net.wars: You can't make money on the Internet
by Wendy M Grossman | posted on 08 March 2002
Well, it's official. You can't make money from content on the Internet.
So, at least, Peter Chernin, the chief operating officer and president of News Corporation (aka "Rupert Murdoch") told the FT New Media and Broadcasting conference this week. "No viable business model," he said. Well, let's face it. If you run a huge publishing empire whose major products are widely available through existing media at low apparent cost to the end user (that is, they are subsidised by advertising), it's easy to see why people might decline to pay for your product online. The other problem, of course, is that News International in particular has never "gotten" the Internet. Almost every attempt has met with failure, from Murdoch's 1994 purchase of Delphi and failed joint venture with MCI to his Line One and Currant Bun ventures (Line One still exists, but it belongs to Tiscali now).
In fact, even News Corp manages to make some money from the Internet, and therein lies a clue to how it can be done successfully. Crosswords. People are fanatical about crosswords, in particular the Times crosswords, and as the company has a subscription service for £10 a year that lets people have more of them: the Australian crosswords, for example, and special interactive puzzles. Of course, it has to be said that the other resource News has figured out how to exploit online a bit is Page Three . That site, which according to a source inside the company is getting some 35 million impressions a month, makes money from merchandising and sponsorship. You know, customised greeting cards, answering machine messages, ring tones, and pay-per-view videos of photo sessions with the, er, girls. I can't help envisioning the subscriber-only area as being frequented by the sort of men in raincoats you used to see sneaking into seedy Times Square theatres in New York, but I am assured that no, it's all 14-year-old boys. Whatever.
Of course, it's not just Murdoch's lot that have failed at making money. Time-Warner had several multi-million dollar failures including the Netly News and its Pathfinder portal, and even such born-of-the-Net organisations as Wired News wound up being sold when they could no longer afford their burn rates. Based on that, it is probably true that large companies – which feel they have to have large Web presences with all the extra staffing and resources that entail – are stuck using their Web sites, as Chernin said, to promote the existing offline products that people will actually pay for.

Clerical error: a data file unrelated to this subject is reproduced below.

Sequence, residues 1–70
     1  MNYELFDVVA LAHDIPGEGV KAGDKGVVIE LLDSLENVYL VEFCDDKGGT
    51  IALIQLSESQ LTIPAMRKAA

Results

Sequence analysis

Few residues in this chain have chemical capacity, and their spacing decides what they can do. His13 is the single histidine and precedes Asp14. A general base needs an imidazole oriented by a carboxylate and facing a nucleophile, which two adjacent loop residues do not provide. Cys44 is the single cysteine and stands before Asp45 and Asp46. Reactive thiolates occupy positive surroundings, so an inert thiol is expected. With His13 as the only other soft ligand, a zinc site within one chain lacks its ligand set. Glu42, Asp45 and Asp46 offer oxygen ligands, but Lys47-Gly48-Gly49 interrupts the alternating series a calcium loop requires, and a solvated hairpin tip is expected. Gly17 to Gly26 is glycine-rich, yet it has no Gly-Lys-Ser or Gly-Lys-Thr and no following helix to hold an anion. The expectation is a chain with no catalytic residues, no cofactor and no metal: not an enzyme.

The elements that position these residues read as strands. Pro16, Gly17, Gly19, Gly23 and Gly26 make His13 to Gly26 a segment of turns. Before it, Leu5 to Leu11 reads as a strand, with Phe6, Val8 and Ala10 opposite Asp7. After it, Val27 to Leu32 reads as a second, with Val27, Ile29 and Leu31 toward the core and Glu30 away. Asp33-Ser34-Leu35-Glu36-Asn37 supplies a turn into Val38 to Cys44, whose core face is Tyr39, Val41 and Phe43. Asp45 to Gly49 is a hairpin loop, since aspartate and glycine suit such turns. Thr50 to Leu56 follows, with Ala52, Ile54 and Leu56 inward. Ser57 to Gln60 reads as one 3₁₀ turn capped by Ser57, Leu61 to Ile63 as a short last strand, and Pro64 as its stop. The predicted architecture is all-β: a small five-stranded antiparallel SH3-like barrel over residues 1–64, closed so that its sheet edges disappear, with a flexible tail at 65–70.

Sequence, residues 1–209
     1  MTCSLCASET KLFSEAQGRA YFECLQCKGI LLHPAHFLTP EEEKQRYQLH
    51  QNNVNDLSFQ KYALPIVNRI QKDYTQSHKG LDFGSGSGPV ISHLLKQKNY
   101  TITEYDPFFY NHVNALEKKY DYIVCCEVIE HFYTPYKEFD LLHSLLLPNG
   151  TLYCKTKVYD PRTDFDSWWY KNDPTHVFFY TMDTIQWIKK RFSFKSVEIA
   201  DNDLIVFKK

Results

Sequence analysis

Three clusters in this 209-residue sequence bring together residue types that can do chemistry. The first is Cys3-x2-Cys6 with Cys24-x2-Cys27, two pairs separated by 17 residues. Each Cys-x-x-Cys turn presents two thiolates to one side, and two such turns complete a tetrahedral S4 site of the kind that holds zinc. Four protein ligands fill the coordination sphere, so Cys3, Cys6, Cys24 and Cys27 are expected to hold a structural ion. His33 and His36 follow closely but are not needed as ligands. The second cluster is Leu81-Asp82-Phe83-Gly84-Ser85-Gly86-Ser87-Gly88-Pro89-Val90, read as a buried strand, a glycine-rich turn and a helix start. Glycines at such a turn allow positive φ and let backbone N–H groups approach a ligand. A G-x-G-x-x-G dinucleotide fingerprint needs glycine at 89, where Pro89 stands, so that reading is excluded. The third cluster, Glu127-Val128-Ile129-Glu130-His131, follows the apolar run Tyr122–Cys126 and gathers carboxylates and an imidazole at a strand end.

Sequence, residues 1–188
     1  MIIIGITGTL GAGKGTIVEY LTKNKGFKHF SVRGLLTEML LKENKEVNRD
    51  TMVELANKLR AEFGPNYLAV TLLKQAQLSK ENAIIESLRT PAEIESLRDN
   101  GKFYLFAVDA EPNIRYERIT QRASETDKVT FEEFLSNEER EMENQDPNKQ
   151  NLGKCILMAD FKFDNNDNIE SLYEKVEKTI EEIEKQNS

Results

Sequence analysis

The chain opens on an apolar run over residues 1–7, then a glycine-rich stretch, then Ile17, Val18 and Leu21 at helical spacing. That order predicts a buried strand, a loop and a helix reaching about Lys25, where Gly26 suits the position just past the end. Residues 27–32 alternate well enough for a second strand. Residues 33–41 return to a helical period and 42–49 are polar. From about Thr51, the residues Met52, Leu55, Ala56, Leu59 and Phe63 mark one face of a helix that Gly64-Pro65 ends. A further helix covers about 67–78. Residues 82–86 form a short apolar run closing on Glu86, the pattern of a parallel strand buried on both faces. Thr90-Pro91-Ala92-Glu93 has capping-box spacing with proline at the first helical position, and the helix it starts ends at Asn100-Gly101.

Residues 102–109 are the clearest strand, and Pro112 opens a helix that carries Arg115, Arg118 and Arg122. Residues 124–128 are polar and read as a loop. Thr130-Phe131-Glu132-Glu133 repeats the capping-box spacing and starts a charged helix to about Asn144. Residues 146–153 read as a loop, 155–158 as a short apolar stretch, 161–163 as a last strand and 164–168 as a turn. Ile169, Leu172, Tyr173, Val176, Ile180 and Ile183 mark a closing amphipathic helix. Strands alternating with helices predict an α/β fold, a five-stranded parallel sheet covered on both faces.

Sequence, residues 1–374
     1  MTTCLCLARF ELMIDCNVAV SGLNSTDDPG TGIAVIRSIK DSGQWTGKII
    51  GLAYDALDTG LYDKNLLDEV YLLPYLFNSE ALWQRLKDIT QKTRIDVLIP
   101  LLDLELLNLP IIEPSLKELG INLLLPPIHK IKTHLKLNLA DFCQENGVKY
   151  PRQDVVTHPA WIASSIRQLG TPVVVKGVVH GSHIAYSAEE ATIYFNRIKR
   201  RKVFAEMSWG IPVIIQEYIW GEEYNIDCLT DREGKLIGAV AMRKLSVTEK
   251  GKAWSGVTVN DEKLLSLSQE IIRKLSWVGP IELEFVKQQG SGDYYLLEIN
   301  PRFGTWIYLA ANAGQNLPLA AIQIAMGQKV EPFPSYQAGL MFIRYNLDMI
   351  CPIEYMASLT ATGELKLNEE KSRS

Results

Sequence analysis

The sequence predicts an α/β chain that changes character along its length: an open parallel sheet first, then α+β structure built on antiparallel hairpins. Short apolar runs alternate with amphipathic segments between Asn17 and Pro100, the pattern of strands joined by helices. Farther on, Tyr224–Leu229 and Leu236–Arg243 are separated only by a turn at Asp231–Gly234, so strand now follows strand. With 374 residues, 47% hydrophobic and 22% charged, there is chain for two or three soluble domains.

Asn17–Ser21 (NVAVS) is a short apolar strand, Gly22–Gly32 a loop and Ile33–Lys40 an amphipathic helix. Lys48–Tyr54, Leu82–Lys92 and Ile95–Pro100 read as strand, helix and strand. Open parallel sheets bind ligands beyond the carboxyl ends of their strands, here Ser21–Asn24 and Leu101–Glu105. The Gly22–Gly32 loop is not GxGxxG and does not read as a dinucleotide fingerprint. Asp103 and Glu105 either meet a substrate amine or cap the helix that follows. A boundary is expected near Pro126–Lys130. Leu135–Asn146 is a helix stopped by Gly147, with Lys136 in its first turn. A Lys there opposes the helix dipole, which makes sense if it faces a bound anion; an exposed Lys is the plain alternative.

But it is not impossible to get people to pay for content on the Net.
Even I, a diehard old Nethead, pay for some bits, such as an electronically delivered daily tennis news service. Even though I read rec.sport.tennis daily as well as a bunch of other news sites, the newsletter is convenient, it contains information that isn't available elsewhere, and it arrives with clockwork regularity. It seems to me that that's the key: to find a niche that is not currently occupied by competing free sites.
The problem the big media companies have is that if they try to charge for their coverage of, say, George Bush's latest bit of idiocy (here – it's down at the bottom), they'll be up against a thousand obsessives who are documenting the same thing, many of them in far more detail.
I'd probably even pay for NTK (here) if they asked me because I love the sarcastic jokes so much.
A lot of people over the years have blamed the whole mess on the lack of micropayments. To some extent I think this is right. There is no way yet of making it as easy to pick up a single online issue of, say, the Wall Street Journal as to pick up a single paper copy.
All sorts of schemes have failed at this particular hurdle, from Digicash and Cybercash, which required you to take real money and turn it into their unfamiliar currencies, to Beenz, which had a sort of frequent flyer miles concept that allowed you to pick up points with purchases on member sites that could be used for futher purchases at other member sites. I've long been a skeptic about micropayments, because I think consumers hate being nickel-and-dimed. We're already paying to be on the Net, and all that stuff adds up.
Of course, one reason that people aren't paying for content today is that in most cases there's nothing micro about the sums demanded. At $15 a year, Salon's premium content is a pretty good deal, though with millions of sites to choose from (instead of hundreds or thousands in the print world), how many $15 subscriptions can a person afford? But $2.95 each for archived Business Week articles when you have no idea if they'll contain the information you want? What's more interesting is the The Times new breaking news update service, delivered via SMS: up to three updates a day, reverse billed at 25p per SMS, of which News International gets a cut.
But these are early days. I'm sure all those monks thought there was no way to make money out of printing books, too.
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Wendy M. Grossman’s Web site has an extensive archive of her books, articles, and music, and an archive of all the earlier columns in this series. Readers are welcome to post here, at net.wars home, follow on Twitter or send email to netwars(at) skeptic.demon.co.uk (but please turn off HTML).
net.wars: You can't make money on the Internet